OLS will choose the one with the smallest square of errors \(S(\beta)\).

```
## creating the data
set.seed( 1 )
# independent variable
x <- 1:10
# beta0 + i.v. * beta1 + epsilon
y <- 1 + x * 2 + rnorm( n = 10 )
## plotting the data
plot( x , y , ylim = c(0, 30) , xlim = c (0, 30))
abline(a = 1, b = 2 , col = "red")
abline(a = 1, b = 1.5, col = "green")
abline(a = 1, b = 2.5, col = "blue")
abline(a = 1, b = 1, col = "purple")
abline(a = 1, b = 3, col = "yellow")
d1 <- abs( y - (1 + x * 2) )
d2 <- abs( y - (1 + x * 1.5) )
d3 <- abs( y - (1 + x * 2.5) )
d4 <- abs( y - (1 + x * 3) )
d5 <- abs( y - (1 + x) )
segments(x0 = x, y0 = y, x1 = x, y1 = y + d1, col = "red")
segments(x0 = x, y0 = y, x1 = x + d1, y1 = y, col = "red")
segments(x0 = x + d1, y0 = y, x1 = x + d1, y1 = y + d1, col = "red")
segments(x0 = x, y0 = y + d1, x1 = x + d1, y1 = y + d1, col = "red")
segments(x0 = x, y0 = y, x1 = x, y1 = y + d2, col = "green")
segments(x0 = x, y0 = y, x1 = x + d2, y1 = y, col = "green")
segments(x0 = x + d2, y0 = y, x1 = x + d2, y1 = y + d2, col = "green")
segments(x0 = x, y0 = y + d2, x1 = x + d2, y1 = y + d2, col = "green")
segments(x0 = x, y0 = y, x1 = x, y1 = y + d3, col = "blue")
segments(x0 = x, y0 = y, x1 = x + d3, y1 = y, col = "blue")
segments(x0 = x + d3, y0 = y, x1 = x + d3, y1 = y + d3, col = "blue")
segments(x0 = x, y0 = y + d3, x1 = x + d3, y1 = y + d3, col = "blue")
segments(x0 = x, y0 = y, x1 = x, y1 = y + d4, col = "yellow")
segments(x0 = x, y0 = y, x1 = x + d4, y1 = y, col = "yellow")
segments(x0 = x + d4, y0 = y, x1 = x + d4, y1 = y + d4, col = "yellow")
segments(x0 = x, y0 = y + d4, x1 = x + d4, y1 = y + d4, col = "yellow")
segments(x0 = x, y0 = y, x1 = x, y1 = y + d5, col = "purple")
segments(x0 = x, y0 = y, x1 = x + d5, y1 = y, col = "purple")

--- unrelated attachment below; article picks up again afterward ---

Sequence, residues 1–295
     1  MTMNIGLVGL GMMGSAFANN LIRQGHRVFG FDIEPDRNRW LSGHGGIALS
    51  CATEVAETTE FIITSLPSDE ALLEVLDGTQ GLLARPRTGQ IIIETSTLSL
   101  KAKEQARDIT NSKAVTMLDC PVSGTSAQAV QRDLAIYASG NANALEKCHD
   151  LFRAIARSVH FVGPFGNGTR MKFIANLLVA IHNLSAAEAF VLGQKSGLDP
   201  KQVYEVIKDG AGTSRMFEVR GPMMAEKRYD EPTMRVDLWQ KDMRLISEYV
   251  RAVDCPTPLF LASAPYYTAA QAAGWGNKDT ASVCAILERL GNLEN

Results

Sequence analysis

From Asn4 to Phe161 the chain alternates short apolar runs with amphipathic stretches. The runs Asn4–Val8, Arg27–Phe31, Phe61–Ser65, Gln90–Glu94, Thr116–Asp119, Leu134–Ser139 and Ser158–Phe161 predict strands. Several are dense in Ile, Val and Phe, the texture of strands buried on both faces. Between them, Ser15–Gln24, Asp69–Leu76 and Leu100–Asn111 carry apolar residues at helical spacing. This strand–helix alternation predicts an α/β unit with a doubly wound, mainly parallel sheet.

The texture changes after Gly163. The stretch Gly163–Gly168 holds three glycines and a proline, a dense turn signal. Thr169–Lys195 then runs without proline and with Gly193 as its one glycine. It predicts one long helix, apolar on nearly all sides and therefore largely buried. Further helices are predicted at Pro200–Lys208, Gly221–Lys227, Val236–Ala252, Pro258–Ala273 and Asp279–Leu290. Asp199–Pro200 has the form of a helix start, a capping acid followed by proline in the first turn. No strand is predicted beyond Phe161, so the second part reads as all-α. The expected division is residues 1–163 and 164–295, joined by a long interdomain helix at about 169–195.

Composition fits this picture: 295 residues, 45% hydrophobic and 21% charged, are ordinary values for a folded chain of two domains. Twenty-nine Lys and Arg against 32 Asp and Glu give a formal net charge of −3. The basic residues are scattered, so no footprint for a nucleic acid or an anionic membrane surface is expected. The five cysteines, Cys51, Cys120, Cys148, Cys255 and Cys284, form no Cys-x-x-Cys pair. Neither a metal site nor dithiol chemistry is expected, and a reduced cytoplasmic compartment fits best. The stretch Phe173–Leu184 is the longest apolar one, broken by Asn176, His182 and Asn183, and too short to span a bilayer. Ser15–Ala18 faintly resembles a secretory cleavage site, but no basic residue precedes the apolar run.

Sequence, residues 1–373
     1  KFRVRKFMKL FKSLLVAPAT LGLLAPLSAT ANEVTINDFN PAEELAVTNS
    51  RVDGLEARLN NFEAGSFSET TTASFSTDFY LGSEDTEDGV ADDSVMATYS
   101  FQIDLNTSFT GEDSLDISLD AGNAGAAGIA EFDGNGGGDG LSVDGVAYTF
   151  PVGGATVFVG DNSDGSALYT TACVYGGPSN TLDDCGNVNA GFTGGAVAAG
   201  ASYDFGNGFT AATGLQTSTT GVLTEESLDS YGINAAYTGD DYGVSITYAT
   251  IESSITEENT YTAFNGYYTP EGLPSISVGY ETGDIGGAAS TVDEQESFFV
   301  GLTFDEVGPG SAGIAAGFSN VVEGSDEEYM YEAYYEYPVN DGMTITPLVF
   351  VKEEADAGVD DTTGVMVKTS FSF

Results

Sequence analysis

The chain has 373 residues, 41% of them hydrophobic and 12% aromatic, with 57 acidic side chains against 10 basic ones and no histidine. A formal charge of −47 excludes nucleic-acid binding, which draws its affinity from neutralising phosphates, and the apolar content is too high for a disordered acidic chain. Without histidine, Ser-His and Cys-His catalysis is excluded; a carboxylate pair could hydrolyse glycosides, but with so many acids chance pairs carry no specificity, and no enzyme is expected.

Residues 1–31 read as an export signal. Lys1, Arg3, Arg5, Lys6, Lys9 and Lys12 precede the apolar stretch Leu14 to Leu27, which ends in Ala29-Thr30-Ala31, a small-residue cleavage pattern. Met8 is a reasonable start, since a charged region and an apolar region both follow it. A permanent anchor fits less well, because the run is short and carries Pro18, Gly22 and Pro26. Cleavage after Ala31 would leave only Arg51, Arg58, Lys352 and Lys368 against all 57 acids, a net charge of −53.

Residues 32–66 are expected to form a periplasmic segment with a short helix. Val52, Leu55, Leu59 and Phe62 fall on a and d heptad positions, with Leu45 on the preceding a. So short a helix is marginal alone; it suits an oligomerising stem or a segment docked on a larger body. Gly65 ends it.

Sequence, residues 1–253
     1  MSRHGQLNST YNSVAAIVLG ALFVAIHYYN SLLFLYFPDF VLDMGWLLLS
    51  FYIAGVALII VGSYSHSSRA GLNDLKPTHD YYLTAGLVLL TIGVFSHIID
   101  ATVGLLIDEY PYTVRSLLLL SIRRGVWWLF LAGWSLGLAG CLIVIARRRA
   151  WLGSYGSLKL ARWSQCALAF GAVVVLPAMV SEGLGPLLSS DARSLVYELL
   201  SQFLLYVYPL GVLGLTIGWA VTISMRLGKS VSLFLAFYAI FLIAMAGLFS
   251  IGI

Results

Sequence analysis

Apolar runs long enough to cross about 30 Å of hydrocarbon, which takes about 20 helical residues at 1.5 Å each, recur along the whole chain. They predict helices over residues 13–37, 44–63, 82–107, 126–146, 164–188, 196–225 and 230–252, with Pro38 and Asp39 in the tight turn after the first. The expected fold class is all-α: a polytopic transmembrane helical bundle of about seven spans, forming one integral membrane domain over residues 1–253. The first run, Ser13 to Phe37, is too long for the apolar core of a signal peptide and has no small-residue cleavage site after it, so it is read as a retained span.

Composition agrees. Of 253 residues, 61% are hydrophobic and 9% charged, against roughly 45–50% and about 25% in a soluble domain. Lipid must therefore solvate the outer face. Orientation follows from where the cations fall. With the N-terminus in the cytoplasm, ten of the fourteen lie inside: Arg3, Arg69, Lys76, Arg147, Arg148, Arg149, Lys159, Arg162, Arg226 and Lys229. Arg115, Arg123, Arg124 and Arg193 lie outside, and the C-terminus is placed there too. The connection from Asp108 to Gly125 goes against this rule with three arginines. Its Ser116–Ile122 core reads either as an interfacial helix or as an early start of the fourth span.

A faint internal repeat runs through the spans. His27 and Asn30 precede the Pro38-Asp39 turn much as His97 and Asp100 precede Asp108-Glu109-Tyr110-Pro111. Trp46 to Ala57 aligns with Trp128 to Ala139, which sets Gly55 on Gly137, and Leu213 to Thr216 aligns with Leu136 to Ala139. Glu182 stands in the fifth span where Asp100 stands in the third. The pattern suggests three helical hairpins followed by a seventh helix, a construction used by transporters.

segments(x0 = x + d5, y0 = y, x1 = x + d5, y1 = y + d5, col = "purple")
segments(x0 = x, y0 = y + d5, x1 = x + d5, y1 = y + d5, col = "purple")
```

By observing the graph, we can say that is the red one, that has as coefficients \(\beta_0 = 1\) and \(\beta_1 = 2\).

In order to see if analytically is as we observed, we can start with an iterative inefficient function:

```
find_least_squares <- function( y , x , beta0 , beta1 ) {
# variable for the beta1 that best fits the data
best_beta <- c(NULL, NULL)
# variable for memorizing the squared errors
best_err <- Inf
for(int in beta0){
for( bet in beta1 ){
yhat <- int + x * bet
err <- sum( abs( y - yhat)^2 )
best_beta[1] <- ifelse( best_err > err,
int,
best_beta[1])
best_beta[2] <- ifelse( best_err > err,
bet,
best_beta[2])
best_err <- ifelse( best_err > err,
err,
best_err)
}
}
return( best_beta )
}
print( find_least_squares( y , x, beta0 = seq(from = 0, to = 3, by = 0.1),
beta1 = seq(from = 1, to = 3, by = 0.1) ) )
```

`## [1] 0.6 2.1`

Let’s try to estimate these values with the standard function of R `lm`

(that ~~does not~~ uses OLS to estimate the *coefficients*
[thanks Marco Tullio Liuzza for the correction]):

```
mdl <- lm(y ~ x)
print( mdl )
```

```
##
## Call:
## lm(formula = y ~ x)
##
## Coefficients:
## (Intercept) x
## 0.8312 2.0547
```

As you can see, very similar same results.

```
plot( x , y )
abline(mdl , col= "red")
```

The `lm`

function does not use an iterative function, that sequentially tries
a series of values, but it uses the solution of the minimization
problem.

\(\beta = (X^TX)^{-1}X^Ty\)

that in R is:

```
X = cbind( 1 , x )
solve( t(X) %*% X ) %*% t(X) %*% y
```

```
## [,1]
## 0.8311764
## x 2.0547321
```

### Gauss-Markov Theorem

The OLS should be applied when the data sample satisfies the
*Gauss-Markov assumptions*, a series of assumptions concerning the
random error \(\epsilon\):

- The sum (or the mean) of all errors \(\epsilon\) is equal to 0: \(\sum_{i=1}^N \epsilon_i = 0\), \(E(\epsilon)=0\)